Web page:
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Human Adaptation to Life at High Altitude

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Biochemistry of Oxidative Stress

Abstract

Living at high altitude (HA) represents a daily challenge that over two hundred million people worldwide have to face. Populations living at HA are distributed mainly in Asia, Africa and America and they live in these settling with different periods of antiquity and evolution. Permanent life at HA is associated with a pathology unique in these places known as chronic mountain sickness or lack of adaptation to live at HA, which is characterized by excessive erythrocytosis. It has been reported that oxidative stress is increased at people acutely and chronically exposed at HA hypoxia. This may explain some features of the adaptation of highlanders. The present review summarizes findings related to different strategies of adaptation in populations living at HA. As features of human adaptation at HA we review data related to birth weight, gestational age, preeclampsia, hemoglobin and chronic mountain sickness in populations at HA and how gene evolution drives adaptation.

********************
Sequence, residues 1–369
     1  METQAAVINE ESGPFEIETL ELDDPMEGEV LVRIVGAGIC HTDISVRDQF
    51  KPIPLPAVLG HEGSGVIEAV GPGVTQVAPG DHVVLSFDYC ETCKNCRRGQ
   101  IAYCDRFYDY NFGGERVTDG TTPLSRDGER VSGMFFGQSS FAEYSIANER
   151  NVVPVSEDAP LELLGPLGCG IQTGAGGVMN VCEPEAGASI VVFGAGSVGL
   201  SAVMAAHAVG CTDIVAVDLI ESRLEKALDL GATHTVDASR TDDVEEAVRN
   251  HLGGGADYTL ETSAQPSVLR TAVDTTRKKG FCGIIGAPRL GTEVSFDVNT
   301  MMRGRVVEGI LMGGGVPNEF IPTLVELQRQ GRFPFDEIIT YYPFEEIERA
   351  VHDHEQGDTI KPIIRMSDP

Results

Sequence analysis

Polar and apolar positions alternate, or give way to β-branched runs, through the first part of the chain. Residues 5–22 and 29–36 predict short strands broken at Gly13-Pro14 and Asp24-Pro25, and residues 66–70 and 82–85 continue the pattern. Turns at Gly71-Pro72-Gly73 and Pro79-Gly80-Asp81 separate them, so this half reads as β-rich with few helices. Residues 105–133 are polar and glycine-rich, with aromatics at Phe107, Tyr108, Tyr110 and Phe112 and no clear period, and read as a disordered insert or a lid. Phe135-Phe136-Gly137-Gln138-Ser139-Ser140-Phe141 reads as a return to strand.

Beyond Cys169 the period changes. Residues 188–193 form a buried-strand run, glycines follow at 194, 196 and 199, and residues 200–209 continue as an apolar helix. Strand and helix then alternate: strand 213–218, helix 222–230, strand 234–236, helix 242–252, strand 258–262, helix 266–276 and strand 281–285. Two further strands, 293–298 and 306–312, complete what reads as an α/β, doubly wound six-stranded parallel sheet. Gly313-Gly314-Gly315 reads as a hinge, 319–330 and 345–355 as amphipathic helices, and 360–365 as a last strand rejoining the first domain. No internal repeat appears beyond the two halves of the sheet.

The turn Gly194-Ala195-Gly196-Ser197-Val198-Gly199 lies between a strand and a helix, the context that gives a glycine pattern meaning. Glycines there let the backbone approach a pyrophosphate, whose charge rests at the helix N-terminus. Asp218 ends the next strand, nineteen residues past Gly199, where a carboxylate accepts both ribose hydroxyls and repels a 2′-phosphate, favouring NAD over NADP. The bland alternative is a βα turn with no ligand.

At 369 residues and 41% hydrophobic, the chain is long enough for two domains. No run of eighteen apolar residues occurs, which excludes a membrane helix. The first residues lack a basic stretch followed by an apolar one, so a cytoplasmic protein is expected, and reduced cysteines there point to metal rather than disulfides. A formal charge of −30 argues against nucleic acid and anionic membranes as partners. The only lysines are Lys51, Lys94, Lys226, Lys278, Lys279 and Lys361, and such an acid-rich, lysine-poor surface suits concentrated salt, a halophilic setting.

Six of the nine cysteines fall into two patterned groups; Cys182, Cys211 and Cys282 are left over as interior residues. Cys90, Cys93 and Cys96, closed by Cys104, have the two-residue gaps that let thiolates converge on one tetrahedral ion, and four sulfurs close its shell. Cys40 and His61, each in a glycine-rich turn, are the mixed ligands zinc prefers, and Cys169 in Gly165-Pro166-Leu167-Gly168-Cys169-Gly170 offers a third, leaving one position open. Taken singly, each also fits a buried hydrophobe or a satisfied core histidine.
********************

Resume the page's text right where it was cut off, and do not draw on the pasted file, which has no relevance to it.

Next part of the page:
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Gonzales, G.F., Alarcón-Yaquetto, D.E., Zevallos-Concha, A. (2016). Human Adaptation to Life at High Altitude. In: Gelpi, R., Boveris, A., Poderoso, J. (eds) Biochemistry of Oxidative Stress. Advances in Biochemistry in Health and Disease, vol 16. Springer, Cham. https://doi.org/10.1007/978-3-319-45865-6_8

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